Samsung Electronics Co. began selling the Galaxy S4 smartphone today, releasing its new flagship model in the company’s home market of South Korea before a global rollout to challenge Apple Inc.’s iPhone.
The handset, which faces limited supply as Samsung struggles to keep up with early orders, also starts sales in Hong Kong today, while outlets in Australia and the U.S. will begin selling it tomorrow.
The S4, with a 5-inch screen and 13-megapixel camera, is thinner and lighter than its predecessor and also includes new software that responds to gestures and facial movements. Kim Sang Soo, 35, bought the S4 at an SK Telecom Co. store in Seoul, opting for the device over Apple’s handset released last year.
“The biggest issue for me with the iPhone was a short battery life and slow Internet,” said Kim. “Why Galaxy S4 over the previous one? Because it’s the newest.”
Samsung, which reported record profit today, is counting on the Galaxy S4 to help it extend a lead in the global smartphone market.
The Suwon, South Korea-based company captured a third of the market in the first quarter, with shipments of smartphones surging 56 percent to 69.4 million units in the three months ended March 31, according to data released by Strategy Analytics.
Apple iPhone shipments rose 6.6 percent to 37.4 million units in the period, the slowest pace ever.
Samsung’s sales have been so strong that the company, which supplies more than half the mobile dynamic random access memory chips used to run smartphones, may buy the semiconductors from rival SK Hynix Inc. to keep up with demand.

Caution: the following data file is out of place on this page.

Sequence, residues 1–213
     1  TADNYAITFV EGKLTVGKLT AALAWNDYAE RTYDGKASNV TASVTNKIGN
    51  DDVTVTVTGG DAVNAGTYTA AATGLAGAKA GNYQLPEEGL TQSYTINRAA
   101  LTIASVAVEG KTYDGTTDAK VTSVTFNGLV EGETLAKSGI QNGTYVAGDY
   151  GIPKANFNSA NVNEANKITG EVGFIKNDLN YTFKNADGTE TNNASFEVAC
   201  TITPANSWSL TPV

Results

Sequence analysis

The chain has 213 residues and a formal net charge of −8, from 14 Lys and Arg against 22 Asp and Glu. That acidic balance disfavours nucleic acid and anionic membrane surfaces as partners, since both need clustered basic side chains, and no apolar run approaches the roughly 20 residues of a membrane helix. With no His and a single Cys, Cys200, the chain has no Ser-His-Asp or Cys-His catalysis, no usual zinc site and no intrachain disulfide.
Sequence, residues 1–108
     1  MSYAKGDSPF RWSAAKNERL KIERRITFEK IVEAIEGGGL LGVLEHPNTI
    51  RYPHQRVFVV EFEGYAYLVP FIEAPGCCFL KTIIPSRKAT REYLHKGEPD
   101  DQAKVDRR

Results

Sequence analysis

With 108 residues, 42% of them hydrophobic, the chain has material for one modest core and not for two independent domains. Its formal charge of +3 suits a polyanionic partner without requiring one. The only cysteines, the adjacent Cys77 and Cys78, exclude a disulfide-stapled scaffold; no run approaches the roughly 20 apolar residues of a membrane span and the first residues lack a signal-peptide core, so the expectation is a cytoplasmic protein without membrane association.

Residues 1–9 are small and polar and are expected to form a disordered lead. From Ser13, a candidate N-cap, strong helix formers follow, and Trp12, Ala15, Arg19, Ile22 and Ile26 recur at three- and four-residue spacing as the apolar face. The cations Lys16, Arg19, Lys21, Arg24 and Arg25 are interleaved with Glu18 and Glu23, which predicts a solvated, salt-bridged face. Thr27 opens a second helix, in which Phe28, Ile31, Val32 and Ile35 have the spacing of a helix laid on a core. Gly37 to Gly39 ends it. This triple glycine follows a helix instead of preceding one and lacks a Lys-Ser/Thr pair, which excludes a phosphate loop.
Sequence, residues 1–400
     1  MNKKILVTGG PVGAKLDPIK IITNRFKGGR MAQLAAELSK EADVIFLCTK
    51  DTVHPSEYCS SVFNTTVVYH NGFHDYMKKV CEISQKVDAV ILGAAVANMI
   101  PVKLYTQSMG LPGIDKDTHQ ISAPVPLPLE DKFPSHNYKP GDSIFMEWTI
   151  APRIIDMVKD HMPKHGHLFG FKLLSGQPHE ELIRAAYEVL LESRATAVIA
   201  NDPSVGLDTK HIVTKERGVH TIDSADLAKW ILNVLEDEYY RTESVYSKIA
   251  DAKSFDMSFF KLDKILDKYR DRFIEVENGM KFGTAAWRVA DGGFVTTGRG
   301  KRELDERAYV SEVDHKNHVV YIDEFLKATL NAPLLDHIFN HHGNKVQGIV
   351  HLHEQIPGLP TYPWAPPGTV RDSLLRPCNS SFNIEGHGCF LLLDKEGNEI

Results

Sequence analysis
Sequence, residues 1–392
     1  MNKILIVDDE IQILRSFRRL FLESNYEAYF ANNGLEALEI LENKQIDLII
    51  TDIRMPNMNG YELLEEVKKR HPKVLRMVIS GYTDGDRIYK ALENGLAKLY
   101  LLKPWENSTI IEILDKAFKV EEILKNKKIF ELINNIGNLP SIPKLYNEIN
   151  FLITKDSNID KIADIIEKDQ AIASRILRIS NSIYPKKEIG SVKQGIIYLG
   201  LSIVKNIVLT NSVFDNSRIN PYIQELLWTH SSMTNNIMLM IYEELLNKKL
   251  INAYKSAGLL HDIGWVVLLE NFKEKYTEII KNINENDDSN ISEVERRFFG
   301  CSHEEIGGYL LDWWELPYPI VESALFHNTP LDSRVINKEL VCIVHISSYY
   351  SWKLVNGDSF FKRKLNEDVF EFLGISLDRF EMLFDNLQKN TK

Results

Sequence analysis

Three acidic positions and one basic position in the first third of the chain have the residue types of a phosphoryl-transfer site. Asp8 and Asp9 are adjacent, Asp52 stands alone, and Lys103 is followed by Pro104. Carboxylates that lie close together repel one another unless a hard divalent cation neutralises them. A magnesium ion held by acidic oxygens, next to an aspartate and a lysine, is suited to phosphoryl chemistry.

“With the flagship Galaxy S4 model likely to be in high demand, provided there are no major component shortages, Samsung should continue to deliver strong smartphone volumes,” Neil Mawston, executive director of Strategy Analytics, said in an e-mailed statement.
Limited supplies and delays in getting inventory into stores led two top U.S. wireless carriers to push back their release dates.
“Some countries are seeing supply shortage in the initial launching stage because of stronger-than-expected global orders,” Kim Hyun Joon, vice president of Samsung’s mobile communications business, said today. “The situation will ease soon.”
The restricted supply kept the device from going on sale as planned on T-Mobile USA Inc.’s website. Sprint Nextel Corp. also pushed back its on-sale date, with sales online starting today, while retail stores will offer the handset when inventory becomes available, the carrier said.
Verizon Wireless, the largest U.S. carrier, doesn’t plan to make the Galaxy S4 available until May 30. The staggered rollout differs from Apple’s tightly controlled iPhone releases.
The phone is getting a mixed reception from reviewers, which may hinder Samsung’s ability to build a buzz around it. AllThingsDigital’s Walt Mossberg said the Galaxy S4 software is “especially weak,” while Bloomberg News’s Rich Jaroslovsky called the Galaxy S4 “soulless.”
David Pogue at the New York Times said Samsung was “playing it safe” while Mashable’s Christina Warren called the S4 the best smartphone based on Google Inc.’s Android software.